Washington’s Olympic Peninsula is an incredible region with a coastline, both temperate and rainforests, and a handful of different ecosystems that include everything from raccoons to porcupines.
With just under a million acres to experience, it’s a good thing the park is accessible and open all year.
37. Joshua Tree National Park
Joshua Tree is a stunning and extremely unique national park with dramatic rock formations, unique trees you can’t find anywhere else, and some of the best stargazing in the country.
It’s certainly not the most forgiving of national parks, but if you can plan a camping trip to spend a few days in the wilderness, it’s an unforgettable experience.
38. Death Valley National Park
Death Valley gets its reputation from the extreme heat, barren landscape, and petrified woods that make it seem like a long-dead wasteland. The truth is, it’s a thriving ecosystem unlike anything else on earth.
We highly recommend visiting in the winter when it’s a lot cooler and more accessible, but even then, plan ahead.
39. Channel Islands National Park
Islands can easily be designated as national parks when they’re uninhabited, and the Channel Islands join Isle Royale as one such example.
California’s own, these are right on our doorstep, and we love taking a kayak out to explore.
40. Kings Canyon National Park
Another California national park we’re deeply fond of, Kings Canyon is a must-visit location for hikers, climbers, and anyone who loves seeing the wonders nature can show off.
It also contains part of the extensive John Muir trail, which, if you can swing it, is a once-in-a-lifetime kind of experience to hike.
41. Redwood National Park
Redwood National Park is a stunning forest in California with some of the tallest trees in the world.
While this park isn’t quite the remarkable experience of Sequoia, it’s still an incredible place to visit, and the scenic drive-through roads are an excellent, easy trip to make if you don’t want to spend extensive time exploring on your own.
42. Pinnacles National Park
Another relatively small national park, with just 26,000 acres, Pinnacles is a “hidden gem” as much as any national park can be.
The rock formations are exotic and interesting, and the trails through the park are always a great adventure to hike.
43. Lassen Volcanic National Park
Lassen Peak is the largest plug dome type volcano in the world, and it’s the furthest south active volcano in the Cascades.
Originally a national monument, it was expanded into a national park later on and now stands as one of California’s coolest destinations for adventure lovers.
44. Sequoia National Park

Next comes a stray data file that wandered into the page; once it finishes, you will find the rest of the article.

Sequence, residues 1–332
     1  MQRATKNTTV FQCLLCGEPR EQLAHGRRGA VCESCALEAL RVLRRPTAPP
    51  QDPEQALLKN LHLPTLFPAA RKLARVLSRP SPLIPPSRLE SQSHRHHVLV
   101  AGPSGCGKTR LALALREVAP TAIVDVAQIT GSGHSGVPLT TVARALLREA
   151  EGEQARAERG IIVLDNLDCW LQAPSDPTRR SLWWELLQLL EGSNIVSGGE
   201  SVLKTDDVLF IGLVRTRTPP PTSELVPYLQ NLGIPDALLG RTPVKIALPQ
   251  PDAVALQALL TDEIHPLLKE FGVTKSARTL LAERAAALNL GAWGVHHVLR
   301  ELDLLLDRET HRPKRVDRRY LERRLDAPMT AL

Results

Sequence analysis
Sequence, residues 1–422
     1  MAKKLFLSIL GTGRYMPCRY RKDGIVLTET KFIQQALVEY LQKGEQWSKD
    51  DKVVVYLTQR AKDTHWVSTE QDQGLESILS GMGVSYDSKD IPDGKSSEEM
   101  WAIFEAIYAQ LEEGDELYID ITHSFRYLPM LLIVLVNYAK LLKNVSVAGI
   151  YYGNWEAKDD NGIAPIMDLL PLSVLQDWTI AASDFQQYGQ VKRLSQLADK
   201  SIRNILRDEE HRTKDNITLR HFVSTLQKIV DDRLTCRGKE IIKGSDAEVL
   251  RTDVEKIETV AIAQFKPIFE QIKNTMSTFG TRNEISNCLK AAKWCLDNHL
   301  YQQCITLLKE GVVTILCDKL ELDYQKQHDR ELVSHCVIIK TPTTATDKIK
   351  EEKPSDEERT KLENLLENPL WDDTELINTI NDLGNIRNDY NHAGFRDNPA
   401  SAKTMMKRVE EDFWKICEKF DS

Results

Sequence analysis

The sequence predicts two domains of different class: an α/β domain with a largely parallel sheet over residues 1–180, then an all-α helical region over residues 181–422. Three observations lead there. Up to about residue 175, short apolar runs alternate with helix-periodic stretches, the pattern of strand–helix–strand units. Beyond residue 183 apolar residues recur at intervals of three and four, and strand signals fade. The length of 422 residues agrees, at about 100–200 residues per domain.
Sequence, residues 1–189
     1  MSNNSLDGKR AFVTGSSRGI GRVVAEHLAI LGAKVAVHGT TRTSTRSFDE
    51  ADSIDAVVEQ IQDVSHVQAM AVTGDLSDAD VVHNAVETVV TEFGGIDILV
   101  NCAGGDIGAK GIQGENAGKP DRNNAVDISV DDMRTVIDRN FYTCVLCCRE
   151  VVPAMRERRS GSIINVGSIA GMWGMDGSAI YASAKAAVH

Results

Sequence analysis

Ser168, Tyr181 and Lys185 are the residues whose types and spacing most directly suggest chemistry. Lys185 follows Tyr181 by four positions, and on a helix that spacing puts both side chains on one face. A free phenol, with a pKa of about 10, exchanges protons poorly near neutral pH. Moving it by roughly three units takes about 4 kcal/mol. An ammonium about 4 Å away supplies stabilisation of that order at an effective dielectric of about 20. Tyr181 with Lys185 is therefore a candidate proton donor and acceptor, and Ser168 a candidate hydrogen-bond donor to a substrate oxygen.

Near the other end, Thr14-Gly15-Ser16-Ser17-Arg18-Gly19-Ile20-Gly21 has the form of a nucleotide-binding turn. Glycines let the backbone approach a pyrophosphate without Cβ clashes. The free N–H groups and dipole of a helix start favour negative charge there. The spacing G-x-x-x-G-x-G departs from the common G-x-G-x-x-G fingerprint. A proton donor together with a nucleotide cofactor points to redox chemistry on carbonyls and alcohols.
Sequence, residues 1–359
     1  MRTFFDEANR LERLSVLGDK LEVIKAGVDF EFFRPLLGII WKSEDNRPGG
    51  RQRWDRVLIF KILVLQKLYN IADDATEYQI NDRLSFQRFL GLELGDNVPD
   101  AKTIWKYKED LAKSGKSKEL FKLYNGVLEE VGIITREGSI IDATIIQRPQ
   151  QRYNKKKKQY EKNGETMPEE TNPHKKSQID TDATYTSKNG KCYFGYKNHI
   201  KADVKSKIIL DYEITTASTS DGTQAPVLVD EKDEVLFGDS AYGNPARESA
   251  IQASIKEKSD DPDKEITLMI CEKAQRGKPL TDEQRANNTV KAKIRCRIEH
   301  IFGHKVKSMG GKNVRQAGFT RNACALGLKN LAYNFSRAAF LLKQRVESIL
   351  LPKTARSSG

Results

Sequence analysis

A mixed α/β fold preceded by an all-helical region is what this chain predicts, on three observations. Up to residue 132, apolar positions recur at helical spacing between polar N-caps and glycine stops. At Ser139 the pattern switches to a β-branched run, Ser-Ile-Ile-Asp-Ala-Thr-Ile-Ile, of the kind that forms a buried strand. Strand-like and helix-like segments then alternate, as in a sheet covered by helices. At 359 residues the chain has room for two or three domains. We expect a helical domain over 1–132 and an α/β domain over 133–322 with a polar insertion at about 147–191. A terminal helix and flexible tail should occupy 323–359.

Everyone knows the iconic sequoias of California, the gigantic trees that defy belief until you see them up close. Trust us, pictures don’t do it justice; the majesty of this park cannot be experienced from afar.
Don’t let the trees dominate your trip, though; Moro Rock and the hiking trails can show you some of the hidden gems many people overlook.
45. Yosemite National Park
Up there with Yellowstone, Yosemite is one of the most famous national parks in the country and, indeed, the world. It’s a must-visit for tourists as close as California or as far as the other side of the world.
It’s huge and extensive, with so much to do you could spend a lifetime exploring. We’ve visited several times, and there’s always something new to do.
46. Great Basin National Park
Located in Nevada, the Great Basin is a unique mixture of natural scenery and wonder and cultural experiences you can’t find anywhere else. It has caves, hiking trails, forests, and so much more.
A visit feels like stepping into the distant past and seeing the country the way it was when people first arrived.
47. Saguaro National Park
Named for the cacti – which are the tall, ancient versions you think of when you picture the word – this national park is a desert, but it’s much more forgiving than some of the other deserts on this list.
With trails, hikes, and guided tours, it’s an easy visit to make and a great way to try out desert adventures.
48. Petrified Forest National Park
Petrified wood is an incredible phenomenon, trees that died so long ago that the bacteria to rot them didn’t even exist yet.
The painted desert cliffs are gorgeous as well, and geologists can experience some of the coolest scenery in their field right here in Arizona.
49. Grand Canyon National Park
Who doesn’t know about the Grand Canyon? Arguably one of the most famous natural wonders on the planet, there’s a near-endless array of adventures to be had climbing in, out, around, and through the canyon.